Life is back to normal today. 364 cyclists and 84 volunteers collaborated on Saturday 2/21/15 to ride from Selma to Montgomery AL, commemorating the 1965 Voters Rights March, led by John Lewis and M.L. King. From the seed of an idea mentioned in passing on a bike ride by buddy Max Britton to working out the actual route, test riding it last Summer, and then getting momentum from Montgomery Bicycle Club President Jeff Feet (who believed we HAD to go ahead with this idea) and attracting other hard working and talented volunteers, it became a consuming beast of a thing. Our Transportation guru, Jeff Periatt, likened us to ducks; serene above the water but feet paddling madly below the surface. He was spot on. All the while, the regular weekly schedule of club rides continued and did I mention that we have day jobs too?

There were idle discussions, planning meetings at Panera Bread and flurries of emails back and forth. We recruited or drafted help where and when we could and finally put the word out in December that we were going to do this ride in February. We intended to have riders park in Montgomery, be transported with bikes to Selma and pedal back. Simple, right? Who would want to go on a 50 mile ride in February? We thought MAYBE 20 people would take the bait and do it. We agreed with Jeff Feet that we SHOULD do the ride regardless. The events we were remembering were worth it. Getting cycling noticed in the community was worth it. Attracting a more diverse ridership was worth it. It just took doing it. The ride became possible in practical terms when Robert and Bonnie Traphan threw in with us. They are the club Treasurer and Secretary and they put on the annual supported club century ride in the Fall, our Glassner Autumn Challenge. (check it out! ). They knew the nuts and bolts of doing a ride. Jeff Periatt, a marketing professor, enlisted his classes to do marketing items for the ride as practical real world applications of what they were studying. Jeff also was sucked into the whirlpool of trying to arrange the right amount of transportation resources for a moving target number of riders.

In the end, we had over 350 cyclists pedaling and 85+ volunteers and others providing support. That the course was made tough by headwinds and the riders had to work hard seemed to heighten the sense of following in the footsteps of marchers who did not have it cushy either.Other than the wind, the weather was cooperative for the one day it needed to be. There were some glitches and behind the scenes rough spots, which are action points for any future endeavors of this sort. Overall though, the riders felt satisfaction with the ride, the history, the event and what we were doing there. Coastal Progressives might not understand how things are done in "Flyover Country" but the riders sure did. This ride was put on by a small group of white people who felt like they should do something to bridge a racial divide in a way that they could. To that extent, it was successful. Already, we have had black volunteers who want to help to do this again. That alone will improve our perspective greatly. We found that cycling IS more than just going for a pedal. It can be a basis for broader relationship. Before we were insulated on highways in our cars, everyone rode a bike. In fact, the first roads paved were done so for bikes, not for cars, which hadn't come along in any great numbers yet. Insulation is the enemy of camaraderie.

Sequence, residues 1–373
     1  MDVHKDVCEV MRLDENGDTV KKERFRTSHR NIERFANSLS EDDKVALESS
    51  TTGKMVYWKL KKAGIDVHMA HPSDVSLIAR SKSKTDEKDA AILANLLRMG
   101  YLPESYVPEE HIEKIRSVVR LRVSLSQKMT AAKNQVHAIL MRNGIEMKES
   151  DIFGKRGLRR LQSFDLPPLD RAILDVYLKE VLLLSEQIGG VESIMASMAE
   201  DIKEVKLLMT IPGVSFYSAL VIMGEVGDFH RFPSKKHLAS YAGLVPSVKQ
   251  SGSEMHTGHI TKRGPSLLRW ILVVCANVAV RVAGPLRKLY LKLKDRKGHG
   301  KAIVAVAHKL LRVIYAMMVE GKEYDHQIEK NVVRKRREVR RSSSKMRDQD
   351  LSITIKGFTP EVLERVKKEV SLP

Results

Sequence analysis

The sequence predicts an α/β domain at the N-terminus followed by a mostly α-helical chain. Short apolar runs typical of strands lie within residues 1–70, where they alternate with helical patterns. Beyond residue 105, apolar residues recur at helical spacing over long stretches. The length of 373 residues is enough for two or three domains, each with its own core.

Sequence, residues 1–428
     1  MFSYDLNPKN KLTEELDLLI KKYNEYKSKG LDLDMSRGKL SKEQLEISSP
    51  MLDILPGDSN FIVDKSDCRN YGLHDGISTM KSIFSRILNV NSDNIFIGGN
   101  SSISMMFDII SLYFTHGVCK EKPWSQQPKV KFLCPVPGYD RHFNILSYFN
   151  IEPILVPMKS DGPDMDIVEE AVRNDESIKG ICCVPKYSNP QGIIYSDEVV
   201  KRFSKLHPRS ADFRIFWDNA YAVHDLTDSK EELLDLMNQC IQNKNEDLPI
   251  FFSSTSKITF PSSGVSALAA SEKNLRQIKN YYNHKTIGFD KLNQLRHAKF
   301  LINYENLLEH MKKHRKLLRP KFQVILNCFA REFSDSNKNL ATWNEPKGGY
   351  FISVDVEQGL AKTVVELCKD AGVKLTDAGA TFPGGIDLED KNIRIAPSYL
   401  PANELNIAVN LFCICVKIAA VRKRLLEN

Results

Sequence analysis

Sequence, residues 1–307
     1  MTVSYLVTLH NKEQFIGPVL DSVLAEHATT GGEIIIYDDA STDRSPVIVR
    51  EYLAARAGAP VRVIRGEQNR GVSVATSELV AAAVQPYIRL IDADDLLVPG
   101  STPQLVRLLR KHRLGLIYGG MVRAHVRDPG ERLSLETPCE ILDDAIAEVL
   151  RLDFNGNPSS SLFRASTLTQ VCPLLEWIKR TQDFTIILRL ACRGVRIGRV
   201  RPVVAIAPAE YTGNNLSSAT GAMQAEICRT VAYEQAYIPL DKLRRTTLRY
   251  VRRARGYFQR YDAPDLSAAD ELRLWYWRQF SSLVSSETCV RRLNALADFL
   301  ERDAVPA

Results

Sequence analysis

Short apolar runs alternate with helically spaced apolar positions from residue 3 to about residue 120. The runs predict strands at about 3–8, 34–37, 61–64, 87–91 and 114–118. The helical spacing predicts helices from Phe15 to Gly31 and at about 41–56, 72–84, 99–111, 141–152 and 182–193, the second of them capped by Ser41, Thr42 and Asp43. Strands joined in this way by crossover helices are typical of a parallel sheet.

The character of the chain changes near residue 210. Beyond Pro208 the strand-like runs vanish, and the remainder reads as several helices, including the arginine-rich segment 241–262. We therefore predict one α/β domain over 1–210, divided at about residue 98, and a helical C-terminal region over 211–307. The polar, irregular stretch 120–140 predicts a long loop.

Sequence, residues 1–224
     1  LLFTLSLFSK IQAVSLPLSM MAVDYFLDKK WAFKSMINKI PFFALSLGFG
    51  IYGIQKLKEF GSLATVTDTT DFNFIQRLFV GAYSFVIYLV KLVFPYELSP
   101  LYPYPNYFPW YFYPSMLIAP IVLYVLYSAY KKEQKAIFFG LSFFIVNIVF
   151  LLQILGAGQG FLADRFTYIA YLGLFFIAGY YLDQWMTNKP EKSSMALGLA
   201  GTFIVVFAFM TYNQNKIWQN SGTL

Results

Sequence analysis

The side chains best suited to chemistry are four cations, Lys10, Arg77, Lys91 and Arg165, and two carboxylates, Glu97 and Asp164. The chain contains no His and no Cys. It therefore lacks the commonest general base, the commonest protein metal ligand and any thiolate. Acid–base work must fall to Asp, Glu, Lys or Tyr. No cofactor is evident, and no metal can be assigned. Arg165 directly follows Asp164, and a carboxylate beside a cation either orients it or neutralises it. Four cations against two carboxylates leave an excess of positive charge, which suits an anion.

We had a white mayor and a black mayor both welcome the group and invite them to see their fair cities. None of the other elected officials we invited came. Only one, Congresswoman Roby, replied to the invite. Well, her staff did with a "thanks but the schedule is full." We heard that the governor was out of town, nothing about any others.  Cycling has a way to go before it shows up on the radar as a "thing" to most people. The potential is there though. Can you see it?

This was a great thing for me personally to be a part of. Goes back to some events of my own childhood that I had forgotten about until they came bubbling up, unbidden. Our team worked long and hard and we still made some mistakes. But we can't let that stop us from moving ahead. We wondered at first  how much of the club's money we might lose if no one showed up for this ride. It turned out to be a sell out and we will present a sizable check to the event beneficiary, The Dexter-King Parsonage Museum. we also will make smaller donations to five other causes, including the BRAG (youth cycling) Dream Team.  The club made no money on the ride, but we did not lose any either.

We present a report on the event to the Montgomery City Council soon. Our riders made an economic impact to the area. If the city will have a more cycling friendly place, more cyclists will come here and that is good for business. The more drivers expect to see cyclists, the safer it is for cyclists. Think space for cycling in transportation planning, bike racks near points of interest, and so on.

The first ever state wide bike conference is in Montgomery next month. Another sign of progress.

Rather than post pictures and stories here, I'll point the reader to our hashtag (my first one ever!) #selma50ride. You can find articles in at least 4 newspapers,,  Facebook, etc.

I'm looking forward to riding this weekend. Are you?